The comet’s nucleus will miss Mars by about 82,000 miles (132,000 kilometers), shedding material hurtling at about 35 miles (56 kilometers) per second, relative to Mars and Mars-orbiting spacecraft. At that velocity, even the smallest particle — estimated to be about one-fiftieth of an inch (half a millimeter) across — could cause significant damage to a spacecraft.

This graphic depicts the orbit of comet C/2013 A1 Siding Spring as it swings around the sun in 2014. On Oct. 19, the comet will have a very close pass at Mars. Its nucleus will miss Mars by about 82,000 miles (132,000 kilometers). The comet's trail of dust particles shed by the nucleus might be wide enough to reach Mars or might also miss it.

This graphic depicts the orbit of comet C/2013 A1 Siding Spring as it swings around the sun in 2014. On Oct. 19, the comet will have a very close pass at Mars. Its nucleus will miss Mars by about 82,000 miles (132,000 kilometers). The comet’s trail of dust particles shed by the nucleus might be wide enough to reach Mars or might also miss it.

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NASA releases new photos of Rosetta Comet

 

Written by Tony Phillips
Science at NASA

NASA - National Aeronautics and Space AdministrationWashington, D.C. – As the European Space Agency’s Rosetta probe approaches Comet 67P/Churyumov-Gerasimenko (67P) for an August rendezvous, the comet’s core is coming into sharper focus. On Thursday, July 24th, ESA released a new set of images and a striking 3D model of 67P’s nucleus.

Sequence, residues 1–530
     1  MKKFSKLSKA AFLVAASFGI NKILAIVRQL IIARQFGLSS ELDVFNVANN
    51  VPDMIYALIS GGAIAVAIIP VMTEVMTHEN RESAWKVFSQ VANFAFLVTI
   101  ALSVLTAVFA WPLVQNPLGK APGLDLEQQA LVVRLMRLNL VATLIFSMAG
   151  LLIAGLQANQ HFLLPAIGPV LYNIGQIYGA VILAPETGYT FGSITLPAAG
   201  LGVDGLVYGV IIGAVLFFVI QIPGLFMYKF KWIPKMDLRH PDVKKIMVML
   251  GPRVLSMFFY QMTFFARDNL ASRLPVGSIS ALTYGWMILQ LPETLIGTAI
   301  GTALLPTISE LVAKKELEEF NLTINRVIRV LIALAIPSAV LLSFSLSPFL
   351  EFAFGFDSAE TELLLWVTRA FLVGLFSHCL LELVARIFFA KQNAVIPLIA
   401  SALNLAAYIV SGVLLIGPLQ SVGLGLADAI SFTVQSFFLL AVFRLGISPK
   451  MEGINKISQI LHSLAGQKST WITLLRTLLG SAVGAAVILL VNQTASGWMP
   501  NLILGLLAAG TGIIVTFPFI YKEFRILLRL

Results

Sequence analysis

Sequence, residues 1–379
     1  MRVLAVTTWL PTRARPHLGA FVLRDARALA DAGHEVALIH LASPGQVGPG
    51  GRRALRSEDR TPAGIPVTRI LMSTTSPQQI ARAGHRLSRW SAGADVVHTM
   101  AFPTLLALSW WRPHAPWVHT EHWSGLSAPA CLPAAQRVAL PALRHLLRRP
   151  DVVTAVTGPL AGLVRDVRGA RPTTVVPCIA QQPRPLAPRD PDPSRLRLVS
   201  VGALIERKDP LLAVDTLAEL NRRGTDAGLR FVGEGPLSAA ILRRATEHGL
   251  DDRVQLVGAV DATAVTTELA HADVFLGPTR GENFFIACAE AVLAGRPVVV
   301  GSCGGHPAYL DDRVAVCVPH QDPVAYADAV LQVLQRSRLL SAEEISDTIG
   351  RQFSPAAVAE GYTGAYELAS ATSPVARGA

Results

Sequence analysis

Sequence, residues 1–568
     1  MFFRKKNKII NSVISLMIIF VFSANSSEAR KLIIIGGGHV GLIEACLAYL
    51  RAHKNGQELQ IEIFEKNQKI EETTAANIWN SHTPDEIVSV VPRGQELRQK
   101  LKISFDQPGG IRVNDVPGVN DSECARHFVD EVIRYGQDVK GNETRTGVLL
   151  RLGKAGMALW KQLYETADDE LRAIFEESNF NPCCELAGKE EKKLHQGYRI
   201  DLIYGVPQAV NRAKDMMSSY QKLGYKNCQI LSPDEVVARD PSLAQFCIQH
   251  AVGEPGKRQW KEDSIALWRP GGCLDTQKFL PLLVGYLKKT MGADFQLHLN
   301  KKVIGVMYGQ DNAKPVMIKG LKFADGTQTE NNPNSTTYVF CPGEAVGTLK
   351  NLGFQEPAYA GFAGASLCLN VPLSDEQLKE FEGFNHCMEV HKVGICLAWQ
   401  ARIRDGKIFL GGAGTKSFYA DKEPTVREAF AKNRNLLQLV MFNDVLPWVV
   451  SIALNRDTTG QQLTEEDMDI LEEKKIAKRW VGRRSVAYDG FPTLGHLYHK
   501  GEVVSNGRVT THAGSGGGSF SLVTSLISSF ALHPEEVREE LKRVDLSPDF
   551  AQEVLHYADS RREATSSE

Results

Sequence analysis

The resolution of the latest images taken by the spacecraft’s OSIRIS imaging system on July 20th is 330 feet (100 meters) per pixel. At that resolution, 67P appears to consist of two parts: a smaller head connected to a larger body. The connecting region, the neck, is proving to be especially intriguing.

Comet 67P/Churyumov-Gerasimenko was imaged by the European Space Agency's Rosetta spacecraft on July 20, 2014, from a distance of approximately 3,400 miles (5,500 kilometers). These three images were taken two hours apart. (ESA/Rosetta/MPS for OSIRIS Team/MPS/UPD/LAM/IAA/SSO/INTA/UPM)

Comet 67P/Churyumov-Gerasimenko was imaged by the European Space Agency’s Rosetta spacecraft on July 20, 2014, from a distance of approximately 3,400 miles (5,500 kilometers). These three images were taken two hours apart. (ESA/Rosetta/MPS for OSIRIS Team/MPS/UPD/LAM/IAA/SSO/INTA/UPM)